Mims is quick to point out that neither he nor Kristen have a business background, so they can’t really say how the shop has grown or developed since it first opened, but they don’t particularly care to notice either. “It’s been cool,” he says. “I’m not a good businessperson, so I don’t really pay attention to that.”I like to support the skateboard companies, but most people my age aren’t going to shell out 65 bucks for a pair of whatever company’s pants when they could get a pair of Levi’s or whatever for 30 bucks. It’s hard enough to get someone to shell out nineteen bucks for a T-shirt when they know they could get the same shirt without the logo for five bucks somewhere else,” explains Mims.

It’s the grassroots attitudes of the owners that gives them great appeal to local skateboarders who support them. Their marketing sttrategy is essentially limited to giving out T-shirts and stickers. While their marketing program is more word-of-mouth, Mims says, “But I give out a hell of a lot of T-shirts and stickers. We sell more shirts that are made by local skaters than those made by skateboard companies.”

However, that’s not the only marketing Autumn does; the shop features a strong team. “Probably everyone on our team has designed a T-shirt,” says Mims, who screens the shirts himself on the checkout counter. The shop’s team features Ted Barrow, Bobby Puleo, Tino Razo, Matt Avedon, Aaron Szott, Will Sabatini, Jim Murphy, and Andy Kessler. “And Tony Cox when he’s in the city,” laughs Mims, adding that having the team isn’t something they’ve cared to put much emphasis on. Instead, says Mims, “People come in to the shop, and they get so excited they have to tell people. Or people (are) going all over the world and putting stickers up-and then we get people from all over the world coming in because they saw a sticker in Switzerland or whatever.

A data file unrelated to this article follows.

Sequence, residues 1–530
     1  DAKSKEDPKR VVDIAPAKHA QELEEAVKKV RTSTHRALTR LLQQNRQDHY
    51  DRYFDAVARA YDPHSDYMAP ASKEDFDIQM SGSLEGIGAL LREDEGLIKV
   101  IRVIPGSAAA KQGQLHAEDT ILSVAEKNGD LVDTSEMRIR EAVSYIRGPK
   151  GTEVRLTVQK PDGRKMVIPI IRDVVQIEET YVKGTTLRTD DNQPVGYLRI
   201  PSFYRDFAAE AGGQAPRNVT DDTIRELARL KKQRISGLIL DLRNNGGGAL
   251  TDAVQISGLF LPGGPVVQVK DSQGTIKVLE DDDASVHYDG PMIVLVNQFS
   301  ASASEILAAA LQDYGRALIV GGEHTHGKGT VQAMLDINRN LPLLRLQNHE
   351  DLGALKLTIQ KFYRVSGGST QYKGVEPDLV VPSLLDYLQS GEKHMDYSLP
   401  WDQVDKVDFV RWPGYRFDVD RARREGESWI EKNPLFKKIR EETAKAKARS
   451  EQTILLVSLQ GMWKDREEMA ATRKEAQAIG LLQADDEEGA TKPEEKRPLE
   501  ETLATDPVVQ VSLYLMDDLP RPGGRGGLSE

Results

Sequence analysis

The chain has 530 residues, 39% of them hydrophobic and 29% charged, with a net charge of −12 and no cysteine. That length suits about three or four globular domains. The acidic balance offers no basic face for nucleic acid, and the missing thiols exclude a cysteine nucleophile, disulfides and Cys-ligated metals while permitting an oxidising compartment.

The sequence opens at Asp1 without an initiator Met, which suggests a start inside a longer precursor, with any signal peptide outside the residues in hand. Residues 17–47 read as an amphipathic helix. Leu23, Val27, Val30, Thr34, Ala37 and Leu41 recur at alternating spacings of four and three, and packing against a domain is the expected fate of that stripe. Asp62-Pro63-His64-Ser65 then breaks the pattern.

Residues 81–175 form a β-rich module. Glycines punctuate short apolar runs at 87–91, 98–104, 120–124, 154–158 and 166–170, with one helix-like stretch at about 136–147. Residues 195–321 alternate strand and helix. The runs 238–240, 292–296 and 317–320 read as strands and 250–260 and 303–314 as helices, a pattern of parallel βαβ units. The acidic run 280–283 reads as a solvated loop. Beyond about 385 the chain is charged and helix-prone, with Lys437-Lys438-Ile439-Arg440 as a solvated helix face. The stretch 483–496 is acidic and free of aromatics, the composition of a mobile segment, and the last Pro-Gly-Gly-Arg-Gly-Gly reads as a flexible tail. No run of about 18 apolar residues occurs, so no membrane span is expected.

“That’s really the best advertising. I give (out) hundreds of stickers. I’ve ordered 40- or 50-thousand stickers since I opened the shop a couple of years ago,” says Mims, adding that as a lot of his friends come in to the shop, he gives out a lot of “bro discounts.”

What’s most intriguing about Mims’ approach to running Autumn is how free-spirited it is. This isn’t just reflected in the companies he does or doesn’t choose to support, or the T-shirts, stickers, or discounts he gives away, but more in the attitude he holds toward the future. “A lot of people open up shops and are dead set in their minds that they want to stay in business forever,” he says. “I’m not thinking that, and that’s not our focus here. I’m just having fun with it right now. We’re not determined to stay open forever.

“We opened it on a whim. I appreciate the kind of following we’re getting. I will be skateboarding forever, but being a skate-shop owner is not my pension plan. I might just give it away to someone one day, so it (the shop) will probably be here in some shape or form.

“I don’t think the shop would be the same as it is now if our only goal was to stay in business,” Mims continues. “It’s probably our positive attitude that drives this.

“If you have a good feeling going into it, it’s a good thing. When I get orders in, I get excited to put it up in the shop and have new stuff. Once that excitement is over, my days behind the counter will be over.” Autumn Skateboard Shop, 150 E. 2nd St., NY, NY. Phone: (212) 677-6220.